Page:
Healthcare workers confused over new SOP
Kohima, June 10 (EMN): The Indian government’s recent standard operating procedure (SOP) for quarantining of frontline workers has left many Nagaland healthcare workers, who have been serving and helping the returnees, confused as they think 14-day quarantine is still mandatory.
According to new guideline issued by the Union Health ministry on May 15, healthcare workers don’t need to undergo quarantine unless in cases like PPE use violation, high-risk exposure or those with Covid-19 symptoms.
Reliable sources informed Eastern Mirror that many healthcare workers in Nagaland are in dilemma as they were asked by the authority to “walk out” from their quarantine centres even before completing 14-day quarantine period.
It was informed that the authority has asked a batch of medical personnel, who are currently observing their confinement period in Kohima, to leave their designated quarantine centre even though their 14-day quarantine period is not over.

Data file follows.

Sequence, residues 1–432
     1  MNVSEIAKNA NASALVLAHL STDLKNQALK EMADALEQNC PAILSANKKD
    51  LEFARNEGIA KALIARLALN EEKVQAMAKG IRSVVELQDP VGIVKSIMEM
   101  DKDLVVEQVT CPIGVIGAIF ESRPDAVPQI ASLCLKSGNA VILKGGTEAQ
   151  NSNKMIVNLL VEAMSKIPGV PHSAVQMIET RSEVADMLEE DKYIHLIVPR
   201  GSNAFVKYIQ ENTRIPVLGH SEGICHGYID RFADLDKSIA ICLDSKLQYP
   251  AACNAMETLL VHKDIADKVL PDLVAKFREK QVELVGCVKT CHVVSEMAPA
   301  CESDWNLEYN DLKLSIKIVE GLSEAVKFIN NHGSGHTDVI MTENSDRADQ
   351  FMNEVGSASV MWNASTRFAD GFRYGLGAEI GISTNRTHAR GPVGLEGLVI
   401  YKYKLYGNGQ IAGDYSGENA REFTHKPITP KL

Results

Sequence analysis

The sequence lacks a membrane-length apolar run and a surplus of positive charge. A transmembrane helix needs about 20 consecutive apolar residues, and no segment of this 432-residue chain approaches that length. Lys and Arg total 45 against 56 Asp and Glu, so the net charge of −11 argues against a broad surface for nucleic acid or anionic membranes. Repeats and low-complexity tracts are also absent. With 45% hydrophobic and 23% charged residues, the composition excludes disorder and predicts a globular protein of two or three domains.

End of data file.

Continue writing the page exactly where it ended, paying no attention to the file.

It was also said that two batches of medical personnel, on completion of their quarantine period at a designated centre in the state capital, have been reportedly assigned duty to quarantine centres even before the results of their samples were declared.
However, a medical officer from Kohima told this newspaper that there was no such report. It was also informed that a mobile team and programme officers are monitoring and supervising the medical professionals who are on active duty and who are not, since healthcare workers are placed in “different category” whether “they are exposed to high risk or low risk.”
In regard to quarantining period, the official said that medical personnel have demanded 14-day quarantine period though the directive from the department of Health and Family Welfare has allotted only seven-day institutional quarantine.
“There was neither complaint nor ‘walk out’ from their quarantine centre,” the official informed, adding that “no one has been asked to go out” and there was no issue from healthcare workers.
It may be mentioned that more than one hundred returnees have been tested positive for the novel coronavirus in Nagaland, and the patients are undergoing quarantine at designated centres with medical personnel examining round the clock.
Meanwhile, many frontline healthcare workers have expressed disappointment over stigmatisation and complaint about their respective localities not allowing them to enter their own homes after performing their duties.
They shared that senior citizens and NGOs should tell the people in their respective localities that ‘frontline workers are in no way the virus carrier, because even if they attend to returnees and patients, they are doing so in full protective gear.’